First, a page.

We have a cultural obsession with Steve Jobs. We quote Jobs like we do philosophers or poets. And now, we have another movie about him. This newest biopic, uniquely structured and well written, tackles Jobs’s inflated celebrity and corrosive personality, only to prop it all back up at the end. Admittedly, deeper commentary on celebrity is a peculiar issue for a biopic. After all, it’s a movie that hopes to sell as many tickets as possible by exposing us even more intimately to Jobs—an approach which only feeds his already mammoth celebrity. But by showing us a broken, albeit brilliant, Jobs, Danny Boyle takes us well past idolatry.
My dad grew up in Miami Beach in the late 50s and early 60s. He told me about the duck and cover drills they ran every day in elementary school. He told me that, during the Cuban Missile Crisis, they’d duck and cover twice or three times a day. He told me there was no fear, only anxiety. ‘If’ was a forgone conclusion, but ‘when’ drove everyone nuts. In Spielberg’s newest film, the Cold War historical drama, Bridge of Spies, there’s no genuine anxiety. There isn’t even real fear. There’s simply a story of the ultimate, incorruptible American hero. The Cold War atmosphere just feels obligatory.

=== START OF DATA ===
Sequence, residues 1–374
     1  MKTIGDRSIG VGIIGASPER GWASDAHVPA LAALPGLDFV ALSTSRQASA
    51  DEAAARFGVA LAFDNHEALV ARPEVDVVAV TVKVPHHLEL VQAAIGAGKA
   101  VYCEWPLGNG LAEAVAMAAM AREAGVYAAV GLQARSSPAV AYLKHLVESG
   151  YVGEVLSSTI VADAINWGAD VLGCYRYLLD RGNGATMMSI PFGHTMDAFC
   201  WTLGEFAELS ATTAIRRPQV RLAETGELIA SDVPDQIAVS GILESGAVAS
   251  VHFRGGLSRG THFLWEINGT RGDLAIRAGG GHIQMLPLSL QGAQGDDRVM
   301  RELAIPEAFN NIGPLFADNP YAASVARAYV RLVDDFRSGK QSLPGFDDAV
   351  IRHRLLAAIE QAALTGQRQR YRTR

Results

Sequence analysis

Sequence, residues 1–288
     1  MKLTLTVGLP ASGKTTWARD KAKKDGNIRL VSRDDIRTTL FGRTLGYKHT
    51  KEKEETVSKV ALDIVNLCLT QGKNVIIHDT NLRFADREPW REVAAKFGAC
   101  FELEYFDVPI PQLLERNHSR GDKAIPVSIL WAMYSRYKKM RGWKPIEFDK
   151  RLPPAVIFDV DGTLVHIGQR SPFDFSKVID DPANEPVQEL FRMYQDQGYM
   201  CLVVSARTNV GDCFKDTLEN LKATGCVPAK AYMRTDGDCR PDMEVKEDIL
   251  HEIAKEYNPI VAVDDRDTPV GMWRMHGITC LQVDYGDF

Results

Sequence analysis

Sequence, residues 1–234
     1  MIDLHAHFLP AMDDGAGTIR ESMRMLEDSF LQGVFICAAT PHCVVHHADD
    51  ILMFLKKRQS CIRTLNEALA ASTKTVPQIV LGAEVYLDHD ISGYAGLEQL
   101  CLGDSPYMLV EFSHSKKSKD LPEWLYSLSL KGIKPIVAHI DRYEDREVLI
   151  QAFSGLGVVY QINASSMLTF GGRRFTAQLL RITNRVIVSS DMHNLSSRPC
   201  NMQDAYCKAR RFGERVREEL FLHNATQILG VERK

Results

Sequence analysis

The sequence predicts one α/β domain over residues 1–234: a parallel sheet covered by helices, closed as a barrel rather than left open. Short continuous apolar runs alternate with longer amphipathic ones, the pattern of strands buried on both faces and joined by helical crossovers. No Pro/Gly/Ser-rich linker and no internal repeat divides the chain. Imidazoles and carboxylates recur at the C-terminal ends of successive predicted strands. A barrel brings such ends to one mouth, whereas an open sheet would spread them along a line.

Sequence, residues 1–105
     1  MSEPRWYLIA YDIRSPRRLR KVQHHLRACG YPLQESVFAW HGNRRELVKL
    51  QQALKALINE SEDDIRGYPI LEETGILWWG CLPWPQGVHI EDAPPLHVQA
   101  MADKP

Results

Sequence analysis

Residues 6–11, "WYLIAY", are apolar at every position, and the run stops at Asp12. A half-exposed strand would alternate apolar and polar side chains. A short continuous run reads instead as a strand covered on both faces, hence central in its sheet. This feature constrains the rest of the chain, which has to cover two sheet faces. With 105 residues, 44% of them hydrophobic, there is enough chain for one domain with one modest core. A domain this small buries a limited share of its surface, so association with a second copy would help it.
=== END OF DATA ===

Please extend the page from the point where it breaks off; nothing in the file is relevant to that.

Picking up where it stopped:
Full disclosure: I’ve never read Andy Weir’s The Martian, the novel from which Ridley Scott’s newest film by the same name was adapted. I have no idea how strictly Scott stuck to the novel’s plot and characters, or if the only thing he took from Weir was the title. Maybe, if I’d read the book, I’d have known how silly the movie was going to be. Maybe, but who knows.
Sicario is a shoot ‘em up. A run ‘n gun. I was ready for good ole’ God-fearing American law enforcement versus the barbaric Mexican cartels and corrupt Mexican cops. But Denis Villenueve, Sicario’s director, understands how badly this could go. How America-centric, clumsy, or downright racist this could be. Yet the only misstep in this movie is the sometimes brooding, Nolan-esque score. Otherwise it’s decidedly something worth seeing, an action-thriller with a social conscience. To top it off, Villenueve has a killer aesthetic, throwing thermal-sight drone shots and desert dusk together without making you think twice about it.